It is said in the story that the poor woman has been whipped by Chitong's father when she has insisted to stay beside the old man. When Chitong has found her again, she unhesitatingly goes with the young man to go to her old lover. This is quite telling of women's stupidity and shallowness. The young woman has already received the greatest embarrassment in her life, by being whipped and chased by someone who has no right at all to it to her. And yet, she returns to the old man when she knows very well that the man who has demeaned her will be there. Yes, it may be courage for her to show up herself in the same house, but what for? To be someone's sex slave again?

True enough, when she and Chitong have arrived, Celo is there. With the latter's wrath at his son's defiance, he has lain hands on him for the first time. He then realizes how he has become the father he has hated for so long and there realizes further that the slap has been his. At this, "the girl . . . slipped swiftly away from them and into the old man's room, locking the door behind."17

To wrap up the whole story, it is basically anti-feminist. Women, here, are portrayed as house and sex slaves of men. Women, like Sofia, Celo's sister and mother, as well as the concubines, are expected to be home buddies, who must look after the domestic needs of the family, from cooking to laundering, and other chores. It is also implied in the story that women, though they are used like sex slaves of men, belong to the unintelligent species, as they return to them at the man's bidding. The concept of men affording concubines, while women must only have one man, is also very anti-feminist, as there is no equality between them. It as if tells that women are "for the pleasure and assistance of men . . . that they should fulfill their natural 'feminine' functions; that they are different from men and should not compete with them." 18

Filipino writer Nick Joaquin

He was the greatest Filipino writer of his generation. Over six decades and a half, he produced a body of work unmatched in richness and range by any of his contemporaries. Living a life wholly devoted to the craft of conjuring a world through words, he was the writer’s writer. In the passion with which he embraced his country’s manifold being, he was his people’s writer as well. Nick Joaquin was born in the old district of Paco in Manila, Philippines, on September 15, 1917, the feast day of Saint Nicomedes, a protomartyr of Rome, after whom he took his baptismal name.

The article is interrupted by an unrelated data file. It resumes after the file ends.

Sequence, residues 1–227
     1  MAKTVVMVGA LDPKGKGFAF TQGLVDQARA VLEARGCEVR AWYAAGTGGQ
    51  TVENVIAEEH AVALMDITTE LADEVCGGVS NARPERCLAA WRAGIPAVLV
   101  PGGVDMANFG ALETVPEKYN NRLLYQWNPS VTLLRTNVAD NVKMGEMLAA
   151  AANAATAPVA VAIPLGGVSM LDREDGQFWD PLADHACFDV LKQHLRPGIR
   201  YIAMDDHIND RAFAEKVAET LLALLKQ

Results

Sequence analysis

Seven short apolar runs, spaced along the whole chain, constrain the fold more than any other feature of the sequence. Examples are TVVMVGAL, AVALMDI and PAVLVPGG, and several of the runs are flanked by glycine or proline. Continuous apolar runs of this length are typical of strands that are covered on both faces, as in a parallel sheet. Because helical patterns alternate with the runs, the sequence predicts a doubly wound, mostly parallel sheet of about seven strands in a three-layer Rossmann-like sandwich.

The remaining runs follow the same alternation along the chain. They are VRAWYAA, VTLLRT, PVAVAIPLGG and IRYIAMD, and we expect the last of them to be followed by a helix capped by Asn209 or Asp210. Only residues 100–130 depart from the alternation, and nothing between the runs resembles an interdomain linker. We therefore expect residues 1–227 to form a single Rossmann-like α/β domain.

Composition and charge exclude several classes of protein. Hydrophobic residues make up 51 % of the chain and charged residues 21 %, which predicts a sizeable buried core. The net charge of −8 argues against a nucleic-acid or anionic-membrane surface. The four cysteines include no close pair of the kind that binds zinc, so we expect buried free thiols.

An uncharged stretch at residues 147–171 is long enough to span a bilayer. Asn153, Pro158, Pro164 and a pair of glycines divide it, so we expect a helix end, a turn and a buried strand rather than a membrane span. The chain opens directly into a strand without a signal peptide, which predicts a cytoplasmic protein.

He was born to a home deeply Catholic, educated, and prosperous. His father, Leocadio Joaquin, was a person of some prominence. Leocadio was a procurador (attorney) in the Court of First Instance of Laguna, where he met and married his first wife, at the time of the Philippine Revolution. He shortly joined the insurrection, had the rank of colonel, and was wounded in action. When the hostilities ceased and the country came under American rule, he built a successful practice in law. Around 1906, after the death of his first wife, he married Salome Marquez, Nick’s mother.

A friend of General Emilio Aguinaldo, Leocadio was a popular lawyer in Manila and the Southern Tagalog provinces. He was unsuccessful however when he made a bid for a seat in the Philippine Assembly representing Laguna. Nick Joaquin’s mother was a pretty, well-read woman of her time who had studied in a teacher-training institute during the Spanish period. Though still in her teens when the United States took possession of the Philippines, she was among the first to be trained by the Americans in English, a language she taught in a Manila


Updated: Dec 12, 2023
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"Three Generations" By Nick Joaquin. (2017, May 30). Retrieved from https://studymoose.com/three-generations-by-nick-joaquin-essay

"Three Generations" By Nick Joaquin essay